2012 Carolina Panthers: Why the Panthers May Be a Legit Threat in the NFC South

Nader Ktait@@NaderKtaitCorrespondent IIJuly 18, 2012

Carolina Panthers' head coach, Ron Rivera
Carolina Panthers' head coach, Ron RiveraJoe Robbins/Getty Images

Those who watched the Carolina Panthers last season know that the Panthers played hard. However, as Greg Gabriel from the Huffington Post mentioned, it “just wasn’t good enough.” 

This was indeed true as the Panthers played a lot of close games in the 2011 season, but fell short. The Panthers lost at least six of their games by just one score. 

So, why would anyone think that the Panthers will become a playoff threat in 2012? 

Let's begin with two obvious reasons. First, Panthers' key players (like Jon Beason, Thomas Davis and David Gettis) are coming back from season-ending injuries. And secondly, the Panthers have made some serious upgrades—through the draft and free agency—to some of their weakest areas, like special teams and defense.

There's another reason why the Panthers will be better. The Panthers' hard work last season will definitely pay off in 2012, as they will not only have gained valuable experience but have the benefit of keeping a lot of their key players who have gotten more comfortable in their coach's systems.

As Gabriel mentioned in his article, the Panthers played hard, and every opponent the Panthers will face can expect that and even more from them in 2012. Furthermore, playing hard last season also gave the young players some experience that was way more valuable than the experience they got during their 2-14 season.

Two individuals should be given credit for the Panthers' hard work last season. The first one is obviously Cam Newton, who showed the NFL he was not going to be patient—he wanted to win and he wanted to win right away.

But, I believe a lot of credit should also be given to Ron Rivera. Before the first preseason game in 2011, senior writer Bryan Strickland, from panthers.com, wrote an article about what Rivera expects from his players. Rivera really had one thing to say:

"If we do anything on Saturday, I really expect us to play hard. That's the only thing I can ask of our guys—play hard—and we'll go from there."

Keep in mind that one of the reasons Rivera was hired head coach for the Panthers is because he, like Jerry Richardson, have the same philosophies. Meaning they both believed that nothing is more valuable to a player’s success than experience.

The Panthers don't just sign a bunch of high-paid veterans, they develop their young players into a really good ones. And, judging by the way the Panthers looked towards the end of last season, they are definitely on their way to developing some good players.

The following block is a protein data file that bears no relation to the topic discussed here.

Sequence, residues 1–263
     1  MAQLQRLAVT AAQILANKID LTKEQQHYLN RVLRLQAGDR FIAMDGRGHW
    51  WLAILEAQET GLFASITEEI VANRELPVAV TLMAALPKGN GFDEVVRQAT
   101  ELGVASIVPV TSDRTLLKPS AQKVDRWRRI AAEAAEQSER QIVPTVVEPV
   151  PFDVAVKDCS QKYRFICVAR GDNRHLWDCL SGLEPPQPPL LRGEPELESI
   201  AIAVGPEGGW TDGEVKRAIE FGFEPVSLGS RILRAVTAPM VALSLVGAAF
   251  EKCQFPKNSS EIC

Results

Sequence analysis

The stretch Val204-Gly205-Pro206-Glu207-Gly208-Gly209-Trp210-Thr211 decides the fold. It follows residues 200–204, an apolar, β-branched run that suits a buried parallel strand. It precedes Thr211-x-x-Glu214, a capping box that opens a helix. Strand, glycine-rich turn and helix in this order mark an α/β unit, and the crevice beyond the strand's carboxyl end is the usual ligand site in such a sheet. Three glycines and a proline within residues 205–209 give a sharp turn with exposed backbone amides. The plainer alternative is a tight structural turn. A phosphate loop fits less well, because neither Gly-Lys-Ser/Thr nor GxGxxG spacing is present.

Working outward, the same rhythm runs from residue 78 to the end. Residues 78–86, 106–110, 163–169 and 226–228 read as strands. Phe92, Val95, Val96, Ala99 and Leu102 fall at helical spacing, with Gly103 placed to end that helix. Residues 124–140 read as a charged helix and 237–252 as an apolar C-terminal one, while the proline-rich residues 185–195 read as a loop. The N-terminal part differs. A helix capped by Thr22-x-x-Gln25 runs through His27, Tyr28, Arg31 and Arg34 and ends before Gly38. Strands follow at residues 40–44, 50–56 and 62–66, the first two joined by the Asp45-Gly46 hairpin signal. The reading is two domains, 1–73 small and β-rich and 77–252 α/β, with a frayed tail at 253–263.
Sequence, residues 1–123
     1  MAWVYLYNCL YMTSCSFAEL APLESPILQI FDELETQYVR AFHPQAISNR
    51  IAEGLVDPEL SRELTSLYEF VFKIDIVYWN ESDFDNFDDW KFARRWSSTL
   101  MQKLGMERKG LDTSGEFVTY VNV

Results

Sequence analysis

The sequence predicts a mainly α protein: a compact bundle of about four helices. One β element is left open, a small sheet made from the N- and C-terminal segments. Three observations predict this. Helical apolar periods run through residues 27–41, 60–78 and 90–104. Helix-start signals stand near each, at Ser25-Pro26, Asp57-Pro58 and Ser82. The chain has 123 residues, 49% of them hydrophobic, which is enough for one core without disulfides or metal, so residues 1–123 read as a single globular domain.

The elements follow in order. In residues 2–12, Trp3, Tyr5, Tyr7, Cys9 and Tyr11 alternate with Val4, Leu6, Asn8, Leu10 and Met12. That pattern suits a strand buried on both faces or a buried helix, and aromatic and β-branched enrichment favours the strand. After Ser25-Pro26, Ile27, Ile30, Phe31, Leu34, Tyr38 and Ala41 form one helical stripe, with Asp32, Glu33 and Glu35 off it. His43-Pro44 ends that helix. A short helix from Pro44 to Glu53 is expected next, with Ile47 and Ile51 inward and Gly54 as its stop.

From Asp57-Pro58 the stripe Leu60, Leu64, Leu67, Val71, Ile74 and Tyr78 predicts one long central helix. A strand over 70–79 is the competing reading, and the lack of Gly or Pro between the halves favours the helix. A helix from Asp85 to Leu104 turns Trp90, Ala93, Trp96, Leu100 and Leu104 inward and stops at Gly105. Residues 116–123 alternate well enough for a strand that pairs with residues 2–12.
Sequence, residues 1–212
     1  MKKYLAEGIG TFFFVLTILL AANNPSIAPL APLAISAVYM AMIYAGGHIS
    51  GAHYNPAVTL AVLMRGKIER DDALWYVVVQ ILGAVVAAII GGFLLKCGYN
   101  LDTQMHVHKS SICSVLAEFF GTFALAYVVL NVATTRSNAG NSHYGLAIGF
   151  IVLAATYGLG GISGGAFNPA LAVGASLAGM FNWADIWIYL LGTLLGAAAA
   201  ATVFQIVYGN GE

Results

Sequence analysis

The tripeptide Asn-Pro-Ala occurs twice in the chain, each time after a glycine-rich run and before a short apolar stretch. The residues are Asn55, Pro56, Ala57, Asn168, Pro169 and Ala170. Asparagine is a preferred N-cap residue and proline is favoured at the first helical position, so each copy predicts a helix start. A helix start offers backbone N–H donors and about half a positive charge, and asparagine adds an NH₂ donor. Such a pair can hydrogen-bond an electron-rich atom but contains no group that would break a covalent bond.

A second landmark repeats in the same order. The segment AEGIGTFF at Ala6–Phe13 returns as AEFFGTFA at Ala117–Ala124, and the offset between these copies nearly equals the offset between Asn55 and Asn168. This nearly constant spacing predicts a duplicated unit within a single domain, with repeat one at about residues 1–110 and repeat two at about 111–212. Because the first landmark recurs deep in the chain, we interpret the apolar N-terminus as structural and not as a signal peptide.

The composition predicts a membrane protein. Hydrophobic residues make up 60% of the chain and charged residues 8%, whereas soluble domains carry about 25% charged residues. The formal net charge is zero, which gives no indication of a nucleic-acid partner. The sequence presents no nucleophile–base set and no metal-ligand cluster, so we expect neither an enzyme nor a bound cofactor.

Take, for example, the Panthers' defensive line—Sione Fua, Terrell McClain and Frank Kearse—who are all entering their second year as Panthers in the 2012 season. Rivera and Marty Hurney could’ve easily made attempts at replacing these guys after they gave up so many rushing yards in the first half of the 2011 season.

So, why didn't Rivera and Hurney find better defensive tackles through the draft? Because these defensive tackles' hard work was paying off and they were gradually improving. By the end of the season, defensive coordinator Sean McDermott and his defense were finally beginning to click.

In Bryan Strickland's article on panthers.com, Rivera explained why he didn't chose to draft more defensive tackles:

"I agree that we weren't good enough there, but we weren't good enough until Week 12, when you started seeing things come together. Why? Because we had enough guys in place that finally got it and understood it."


Of course, the defense wasn't the only area that was gradually improving. In fact, one might argue that the whole team improved. The Panthers started winning more of their games, despite starting out 2-8. After that run, they ended up winning four of their last six games. 

On a final note, what will also make the Panthers' experience a big part of why they become playoff threats is the continuity they'll have next season. By "continuity," I mean that a lot of their players who gained all that experience last season will be returning.

That means with all the same coaches and players, the Panthers will have the opportunity to get even more comfortable in their roles.

This last point is especially important, considering all the changes in rosters and coaching staff going on in the NFC South. For instance, both the Tampa Bay Buccaneers and the New Orleans Saints are dealing with some significant changes to their coaching staff.

To some extent, one might also point out the Atlanta Falcons might need to do some major adjusting with their offensive coordinator, Dirk Koetter. Though, at the same time, it doesn't look like the Falcons have undergone too many changes (in comparison to the Saints and Buccaneers), and they just might be the one team the Panthers might have to worry about. Time will tell, though.

However, with the way the Panthers played last season and the experience and continuity gained, it seems that the Panthers are the real legitimate threats in the NFC South. 



Other Articles by Nader Ktait:

Predicting Brandon LaFell's 2012 Season

Top 5 Panthers Games in 2011